| NEW YORK, June 4
NEW YORK, June 4 In a summer of blockbusters
with superheroes, a rampaging monster and a wicked fairy, "The
Fault in Our Stars," the film adaptation of John Green's
best-seller, is a heart-wrenching story of young love that could
become a box-office hit.
Green's 2012 young adult novel has sold 10.7 million copies
worldwide, providing a built-in fan base for the film that opens
Friday in U.S. theaters.
The 36-year-old prize-winning author, also known for the
vlogbrothers video blog on YouTube, has been tweeting about the
film to his 2.47 million followers. And Fandango said it is the
biggest pre-selling romantic drama in the online ticket-seller's
"The Fault in Our Stars"- the title based on a Shakespeare
quote - features Shailene Woodley and Ansel Elgort, who last
appeared together in the dystopian thriller "Divergent."
"It is a movie that celebrates life and is incredibly
hopeful," Woodley, 22, said in an interview. "It is about
falling in love for the first time and the beauty of being in
love, and all the trials and tribulations and glory that comes
Woodley and Elgort play smart, witty teenagers who begin a
romance after meeting at a cancer support group.
"I fell in love with the story and the relationship between
Augustus and Hazel," said Woodley, who wears a nasal cannula and
wheels around a portable oxygen tank throughout the film.
"I also loved that, at the age of 16, Hazel understood that
you don't need to live a long life to lead a meaningful life."
Hazel and Augustus, who lost a leg to the disease, are
fun-loving and never let their illness define them. Although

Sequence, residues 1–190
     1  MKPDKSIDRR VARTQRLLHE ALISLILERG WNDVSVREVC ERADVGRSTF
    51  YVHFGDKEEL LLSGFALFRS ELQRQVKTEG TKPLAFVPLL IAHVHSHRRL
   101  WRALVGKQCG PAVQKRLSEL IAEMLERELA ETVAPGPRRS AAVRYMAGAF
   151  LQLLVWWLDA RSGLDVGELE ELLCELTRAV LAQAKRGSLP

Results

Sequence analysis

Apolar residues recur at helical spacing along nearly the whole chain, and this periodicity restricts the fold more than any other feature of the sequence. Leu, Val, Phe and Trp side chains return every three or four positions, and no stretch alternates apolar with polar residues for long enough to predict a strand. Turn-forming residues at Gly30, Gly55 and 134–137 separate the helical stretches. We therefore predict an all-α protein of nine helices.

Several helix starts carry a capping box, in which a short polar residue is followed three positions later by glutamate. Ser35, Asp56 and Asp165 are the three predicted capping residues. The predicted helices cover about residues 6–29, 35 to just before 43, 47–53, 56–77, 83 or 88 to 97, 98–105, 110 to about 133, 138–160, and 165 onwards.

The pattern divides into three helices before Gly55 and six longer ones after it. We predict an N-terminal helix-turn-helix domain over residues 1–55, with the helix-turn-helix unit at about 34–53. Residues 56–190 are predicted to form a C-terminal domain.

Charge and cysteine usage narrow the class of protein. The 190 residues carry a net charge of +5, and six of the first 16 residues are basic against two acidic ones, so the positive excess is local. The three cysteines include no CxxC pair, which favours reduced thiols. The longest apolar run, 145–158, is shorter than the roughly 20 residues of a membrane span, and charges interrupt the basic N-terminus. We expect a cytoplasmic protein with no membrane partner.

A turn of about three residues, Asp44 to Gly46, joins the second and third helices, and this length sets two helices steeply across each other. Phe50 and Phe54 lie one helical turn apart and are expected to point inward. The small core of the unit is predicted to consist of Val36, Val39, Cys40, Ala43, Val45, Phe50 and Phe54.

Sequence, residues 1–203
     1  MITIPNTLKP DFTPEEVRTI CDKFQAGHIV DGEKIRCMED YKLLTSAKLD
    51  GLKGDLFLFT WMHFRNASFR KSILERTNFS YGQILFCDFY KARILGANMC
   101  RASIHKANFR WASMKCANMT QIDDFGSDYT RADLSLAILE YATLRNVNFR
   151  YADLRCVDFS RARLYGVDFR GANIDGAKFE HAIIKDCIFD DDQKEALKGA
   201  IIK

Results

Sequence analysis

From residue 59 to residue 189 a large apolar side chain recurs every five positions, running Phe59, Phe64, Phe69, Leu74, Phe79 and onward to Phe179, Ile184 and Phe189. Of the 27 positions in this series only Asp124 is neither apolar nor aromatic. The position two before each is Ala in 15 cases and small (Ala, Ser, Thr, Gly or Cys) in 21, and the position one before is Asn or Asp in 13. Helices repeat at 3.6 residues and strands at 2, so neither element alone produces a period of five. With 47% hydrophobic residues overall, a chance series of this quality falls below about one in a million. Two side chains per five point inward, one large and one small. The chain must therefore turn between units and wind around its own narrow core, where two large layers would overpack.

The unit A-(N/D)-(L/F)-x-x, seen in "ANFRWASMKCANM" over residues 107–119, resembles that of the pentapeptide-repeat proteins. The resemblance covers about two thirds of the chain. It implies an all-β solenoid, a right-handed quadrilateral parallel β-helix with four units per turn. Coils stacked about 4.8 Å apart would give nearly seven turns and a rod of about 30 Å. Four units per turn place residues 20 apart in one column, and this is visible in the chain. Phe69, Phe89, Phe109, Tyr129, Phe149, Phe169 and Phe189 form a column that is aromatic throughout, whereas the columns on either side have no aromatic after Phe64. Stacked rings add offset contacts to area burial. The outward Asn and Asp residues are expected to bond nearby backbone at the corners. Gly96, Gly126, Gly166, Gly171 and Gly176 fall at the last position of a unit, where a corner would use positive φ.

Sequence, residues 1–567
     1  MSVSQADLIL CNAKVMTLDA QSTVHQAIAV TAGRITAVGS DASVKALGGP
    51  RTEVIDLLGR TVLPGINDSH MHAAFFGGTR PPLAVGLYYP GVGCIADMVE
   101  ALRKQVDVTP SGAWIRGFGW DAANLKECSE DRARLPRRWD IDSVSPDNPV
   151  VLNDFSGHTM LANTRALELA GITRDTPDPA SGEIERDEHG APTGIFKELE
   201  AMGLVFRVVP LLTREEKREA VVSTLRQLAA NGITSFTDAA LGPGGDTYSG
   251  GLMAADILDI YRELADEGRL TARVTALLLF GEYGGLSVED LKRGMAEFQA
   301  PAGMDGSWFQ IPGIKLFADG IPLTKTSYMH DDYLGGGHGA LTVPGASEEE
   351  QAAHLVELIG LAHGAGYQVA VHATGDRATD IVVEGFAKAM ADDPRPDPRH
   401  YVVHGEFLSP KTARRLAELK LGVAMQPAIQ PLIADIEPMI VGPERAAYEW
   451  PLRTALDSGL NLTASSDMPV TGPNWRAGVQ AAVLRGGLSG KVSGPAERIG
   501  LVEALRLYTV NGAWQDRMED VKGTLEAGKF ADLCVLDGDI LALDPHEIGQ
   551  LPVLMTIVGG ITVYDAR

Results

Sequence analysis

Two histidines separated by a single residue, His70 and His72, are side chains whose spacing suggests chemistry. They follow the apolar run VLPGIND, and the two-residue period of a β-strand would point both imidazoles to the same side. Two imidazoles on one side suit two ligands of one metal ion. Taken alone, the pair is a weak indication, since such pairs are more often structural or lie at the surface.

cancer is the backdrop, Elgort said, it is not the focus of the
"What it does do is put a clock on things, which makes
things interesting because I think it allows both characters to
live in the moment," the 20-year-old actor explained.
Academy Award nominee Laura Dern ("Rambling Rose") plays
Hazel's protective mother, Frannie. Nat Wolff is the couple's
friend, and Willem Dafoe, who won Oscar nods for "Platoon" and
"Shadow of the Vampire," is the elusive Peter Van Houten, the
author of Hazel's favorite novel.
Perplexed by the book's unsatisfactory ending, Hazel and
Augustus travel to Amsterdam to meet Van Houten and learn the
fate of the book's characters.
Early reviews for the film, shot in Pittsburgh and
Amsterdam, have been overwhelmingly positive. It is expected to
bring in $36 million in U.S. and Canadian ticket sales during
its opening weekend, according to Boxoffice.com.
For director Josh Boone ("Stuck in Love") the film was
always about two young people in love.
"To me it just seems like I hadn't seen a movie like this
before, done this way, with characters like this, with a love
story like this. I just thought it was a fascinating backdrop to
talk about illness and death and life and family," he said.
(Editing by Eric Kelsey and Gunna Dickson)